Bette Korber for her extremely innovative and insightful viral evolution and vaccine design efforts for pathogens such as HIV and SARS-CoV-2.
Fred Mortensen for his extraordinary efforts deriving certification methodology that became the cornerstone for the Stockpile Stewardship and Advanced Strategic Computing Programs.
John M. Pedicini for his work over the last 38 years at the Laboratory as a weapons scientist and designer and a foreign threats assessor.
Geoffrey West for his contributions to scaling theory that have changed the course of science in the fields of particle physics, biosystems, economics, urban studies, and corporate organizations. West was named one of Time Magazine’s “100 Most Influential People of 2006.”
Paul Whalen for his role as a primary weapons designer, expert in weapons physics, and a developer and manager of the complex physics computational system that was developed to make a positive impact on national security and the Laboratory’s weapons program. Whalen came to the Laboratory during the Cold War in 1956 to perform weapons simulation on developing designs.
Howard Menlove for his innovation and implementation of a series of key sensors and instruments that are still the backbone of the international safeguards systems used by the IAEA to determine nations’ compliance with various treaties and agreements.
Scott Cram (Foundations of Human Genome team) for distinct contributions enabling significant progress in the Human Genome Project.
Larry Deaven (Foundations of Human Genome team) for distinct contributions enabling significant progress in the Human Genome Project.
Robert Moyzis (Foundations of Human Genome team) for distinct contributions enabling significant progress in the Human Genome Project.
Walter Goad (Foundations of Human Genome team) for distinct contributions enabling significant progress in the Human Genome Project.
Darleane Hoffman for her accomplishments and exceptionally distinguished career in nuclear science, actinide chemistry and separations, and her pioneering work at the frontier of the periodic table.
Wojciech Zurek for his pioneering and seminal contributions to the foundations of quantum mechanics and to quantum information science that have changed the course of this field internationally.
Robert D. Cowan for his world-recognized contributions to the theory of atomic structure and spectra.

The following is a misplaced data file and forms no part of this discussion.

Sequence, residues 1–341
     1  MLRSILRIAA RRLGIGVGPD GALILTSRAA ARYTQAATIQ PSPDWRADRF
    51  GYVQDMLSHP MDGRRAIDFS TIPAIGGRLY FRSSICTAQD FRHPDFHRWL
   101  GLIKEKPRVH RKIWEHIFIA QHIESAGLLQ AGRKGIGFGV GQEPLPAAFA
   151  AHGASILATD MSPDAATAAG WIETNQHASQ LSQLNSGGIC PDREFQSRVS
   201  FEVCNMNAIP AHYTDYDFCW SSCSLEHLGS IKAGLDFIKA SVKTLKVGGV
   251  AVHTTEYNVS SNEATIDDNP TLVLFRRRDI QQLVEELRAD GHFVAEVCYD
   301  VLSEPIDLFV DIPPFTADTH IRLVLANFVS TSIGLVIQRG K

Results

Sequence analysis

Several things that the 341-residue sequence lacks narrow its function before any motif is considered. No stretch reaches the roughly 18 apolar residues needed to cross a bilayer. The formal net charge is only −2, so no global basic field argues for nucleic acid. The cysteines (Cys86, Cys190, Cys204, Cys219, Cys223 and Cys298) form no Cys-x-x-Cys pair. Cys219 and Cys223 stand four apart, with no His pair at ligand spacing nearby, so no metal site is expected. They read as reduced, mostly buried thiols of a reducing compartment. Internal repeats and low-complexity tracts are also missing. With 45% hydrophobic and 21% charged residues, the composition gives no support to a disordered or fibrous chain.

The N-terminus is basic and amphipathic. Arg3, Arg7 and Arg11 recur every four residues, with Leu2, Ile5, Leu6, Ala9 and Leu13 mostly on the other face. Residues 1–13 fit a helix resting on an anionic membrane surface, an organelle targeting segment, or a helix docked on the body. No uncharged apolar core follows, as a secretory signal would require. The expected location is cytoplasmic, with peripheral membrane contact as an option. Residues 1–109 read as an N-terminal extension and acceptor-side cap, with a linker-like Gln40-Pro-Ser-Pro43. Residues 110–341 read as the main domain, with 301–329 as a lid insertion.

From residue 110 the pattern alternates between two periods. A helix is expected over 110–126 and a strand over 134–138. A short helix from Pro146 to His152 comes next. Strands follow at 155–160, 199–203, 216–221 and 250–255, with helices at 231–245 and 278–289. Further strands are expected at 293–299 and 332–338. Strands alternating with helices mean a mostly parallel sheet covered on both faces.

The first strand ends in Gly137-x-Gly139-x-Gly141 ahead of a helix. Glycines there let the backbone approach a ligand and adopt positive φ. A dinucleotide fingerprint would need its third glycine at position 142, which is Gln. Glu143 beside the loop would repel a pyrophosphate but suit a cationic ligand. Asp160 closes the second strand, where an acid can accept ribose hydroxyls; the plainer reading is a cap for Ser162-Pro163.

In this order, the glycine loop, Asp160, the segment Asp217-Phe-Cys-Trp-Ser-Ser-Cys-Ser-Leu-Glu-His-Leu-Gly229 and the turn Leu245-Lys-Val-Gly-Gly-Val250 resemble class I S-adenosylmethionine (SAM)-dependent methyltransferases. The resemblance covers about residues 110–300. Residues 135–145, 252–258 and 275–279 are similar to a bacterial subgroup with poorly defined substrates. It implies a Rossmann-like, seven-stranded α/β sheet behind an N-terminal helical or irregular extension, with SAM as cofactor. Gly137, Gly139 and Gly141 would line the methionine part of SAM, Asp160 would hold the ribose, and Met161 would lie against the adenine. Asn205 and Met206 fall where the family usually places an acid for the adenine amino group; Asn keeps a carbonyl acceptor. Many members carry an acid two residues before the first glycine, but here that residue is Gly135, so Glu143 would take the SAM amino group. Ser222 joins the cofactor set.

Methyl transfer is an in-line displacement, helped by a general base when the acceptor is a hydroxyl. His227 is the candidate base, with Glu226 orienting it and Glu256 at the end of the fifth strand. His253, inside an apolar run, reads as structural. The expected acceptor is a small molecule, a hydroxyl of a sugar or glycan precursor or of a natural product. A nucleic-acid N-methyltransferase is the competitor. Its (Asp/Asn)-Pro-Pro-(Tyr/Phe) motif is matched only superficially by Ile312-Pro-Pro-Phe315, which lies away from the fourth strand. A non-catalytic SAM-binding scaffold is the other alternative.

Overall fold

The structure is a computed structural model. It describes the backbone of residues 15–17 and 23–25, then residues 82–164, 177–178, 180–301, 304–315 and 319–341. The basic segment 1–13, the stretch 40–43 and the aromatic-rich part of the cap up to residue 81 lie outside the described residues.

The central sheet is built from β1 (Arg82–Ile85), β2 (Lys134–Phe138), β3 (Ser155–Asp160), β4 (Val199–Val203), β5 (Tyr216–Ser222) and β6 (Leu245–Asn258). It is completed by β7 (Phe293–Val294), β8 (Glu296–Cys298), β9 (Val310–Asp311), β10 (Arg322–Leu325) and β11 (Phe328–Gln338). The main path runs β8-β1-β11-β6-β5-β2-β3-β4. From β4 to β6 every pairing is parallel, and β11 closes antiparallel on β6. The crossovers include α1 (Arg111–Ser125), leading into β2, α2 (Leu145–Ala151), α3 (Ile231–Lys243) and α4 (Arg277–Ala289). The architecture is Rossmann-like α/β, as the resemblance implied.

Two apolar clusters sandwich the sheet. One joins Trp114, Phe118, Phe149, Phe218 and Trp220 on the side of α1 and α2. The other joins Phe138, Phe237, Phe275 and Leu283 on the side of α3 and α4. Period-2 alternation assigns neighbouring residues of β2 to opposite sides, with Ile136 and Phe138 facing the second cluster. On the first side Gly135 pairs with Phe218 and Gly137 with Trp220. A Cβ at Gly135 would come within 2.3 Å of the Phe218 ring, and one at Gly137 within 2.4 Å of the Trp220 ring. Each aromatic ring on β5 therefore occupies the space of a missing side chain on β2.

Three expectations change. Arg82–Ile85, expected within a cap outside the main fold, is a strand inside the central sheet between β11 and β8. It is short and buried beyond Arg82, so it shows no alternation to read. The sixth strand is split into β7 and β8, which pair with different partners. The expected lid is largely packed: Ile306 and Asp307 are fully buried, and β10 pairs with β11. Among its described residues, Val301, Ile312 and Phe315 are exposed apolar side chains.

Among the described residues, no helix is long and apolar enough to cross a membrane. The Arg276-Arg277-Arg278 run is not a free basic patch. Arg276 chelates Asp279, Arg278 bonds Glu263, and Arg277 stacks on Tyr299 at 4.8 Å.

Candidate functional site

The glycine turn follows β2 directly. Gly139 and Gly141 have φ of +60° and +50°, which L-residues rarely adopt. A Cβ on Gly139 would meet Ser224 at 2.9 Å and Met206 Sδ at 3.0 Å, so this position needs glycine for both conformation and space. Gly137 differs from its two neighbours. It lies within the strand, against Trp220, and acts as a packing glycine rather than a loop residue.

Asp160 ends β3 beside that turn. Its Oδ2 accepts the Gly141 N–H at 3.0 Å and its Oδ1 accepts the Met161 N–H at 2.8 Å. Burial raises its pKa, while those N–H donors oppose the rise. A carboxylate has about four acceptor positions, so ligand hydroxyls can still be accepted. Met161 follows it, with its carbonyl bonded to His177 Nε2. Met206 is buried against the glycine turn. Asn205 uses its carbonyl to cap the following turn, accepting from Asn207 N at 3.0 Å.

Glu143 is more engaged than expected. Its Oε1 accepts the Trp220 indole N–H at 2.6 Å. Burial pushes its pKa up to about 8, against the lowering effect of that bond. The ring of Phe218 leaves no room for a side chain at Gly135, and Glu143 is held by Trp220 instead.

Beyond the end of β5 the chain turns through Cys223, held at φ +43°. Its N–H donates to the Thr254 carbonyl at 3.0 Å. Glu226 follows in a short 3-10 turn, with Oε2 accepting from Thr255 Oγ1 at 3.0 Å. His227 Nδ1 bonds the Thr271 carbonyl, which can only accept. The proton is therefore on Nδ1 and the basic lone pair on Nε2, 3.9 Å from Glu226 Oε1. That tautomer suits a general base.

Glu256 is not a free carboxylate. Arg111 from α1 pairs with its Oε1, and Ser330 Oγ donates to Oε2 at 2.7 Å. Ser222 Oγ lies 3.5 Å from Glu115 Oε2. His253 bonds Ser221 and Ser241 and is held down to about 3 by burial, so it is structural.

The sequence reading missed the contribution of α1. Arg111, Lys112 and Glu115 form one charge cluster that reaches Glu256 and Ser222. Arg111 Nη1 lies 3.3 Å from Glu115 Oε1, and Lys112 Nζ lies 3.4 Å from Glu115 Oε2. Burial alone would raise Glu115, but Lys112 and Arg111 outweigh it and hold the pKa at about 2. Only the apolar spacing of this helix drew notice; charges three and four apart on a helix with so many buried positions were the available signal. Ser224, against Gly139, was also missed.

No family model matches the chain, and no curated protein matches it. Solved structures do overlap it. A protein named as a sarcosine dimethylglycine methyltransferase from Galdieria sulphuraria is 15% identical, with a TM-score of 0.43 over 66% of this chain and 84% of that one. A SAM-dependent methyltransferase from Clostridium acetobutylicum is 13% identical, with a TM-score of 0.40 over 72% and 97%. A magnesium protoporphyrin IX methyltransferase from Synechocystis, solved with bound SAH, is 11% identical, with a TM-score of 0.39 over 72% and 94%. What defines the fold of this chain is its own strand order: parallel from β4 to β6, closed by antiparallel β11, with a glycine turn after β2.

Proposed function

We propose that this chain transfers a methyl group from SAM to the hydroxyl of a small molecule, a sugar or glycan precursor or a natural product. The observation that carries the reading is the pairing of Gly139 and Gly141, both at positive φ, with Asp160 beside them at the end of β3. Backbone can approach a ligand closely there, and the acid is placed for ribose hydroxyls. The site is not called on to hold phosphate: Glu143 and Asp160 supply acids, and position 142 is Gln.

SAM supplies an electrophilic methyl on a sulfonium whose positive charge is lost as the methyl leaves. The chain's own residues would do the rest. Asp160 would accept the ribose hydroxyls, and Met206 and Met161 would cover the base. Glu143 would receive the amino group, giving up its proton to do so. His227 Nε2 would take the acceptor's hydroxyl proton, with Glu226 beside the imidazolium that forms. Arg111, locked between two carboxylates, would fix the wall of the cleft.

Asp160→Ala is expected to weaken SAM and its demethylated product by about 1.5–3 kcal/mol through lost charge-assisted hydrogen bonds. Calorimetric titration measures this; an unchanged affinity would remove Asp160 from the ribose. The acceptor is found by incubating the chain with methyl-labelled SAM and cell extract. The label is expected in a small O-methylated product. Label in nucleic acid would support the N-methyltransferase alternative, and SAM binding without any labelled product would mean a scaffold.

Sig Hecker for his many important and signature contributions to scientific research and national policy, promoting the importance of the study of terrorism as an emerging threat, and acting as a senior representative of the nuclear weapons complex in the North Korea nuclear weapons situation.
Keith Boyer for being the intellectual force behind Los Alamos’s entry into magnetic fusion, nuclear rocketry, laser isotope separation, and inertial fusion.
Stirling Colgate for a wide array of outstanding contributions to astrophysics research (nuclear diagnostics, high-altitude nuclear tests, ignition, shock wave physics, supernovae, and gamma ray bursts) and for dedication to mentoring the next generation.
Francis “Frank” Harlow for his role in spearheading the science field of computational fluid dynamics.
Conrad "Connie" Longmire for his key role in developing an understanding of some of the fundamental processes in weapons performance.
Nerses “Krik” Krikorian for his lifelong contributions to national security, intelligence, and materials science.
George Cowan for his pioneering work in radiochemical techniques, his measurements of fundamental physical properties of neutrons from nuclear explosions, and for scientific leadership in the Laboratory
and the community.
Louis Rosen for his vision, leadership, and sustained contributions to nuclear science and application.
Harold Agnew for his leadership during the Laboratory’s formative years and its ascension to international stature.
Hans Bethe for his role as a scientific visionary and leader, mentor, and role model to the Laboratory from its inception.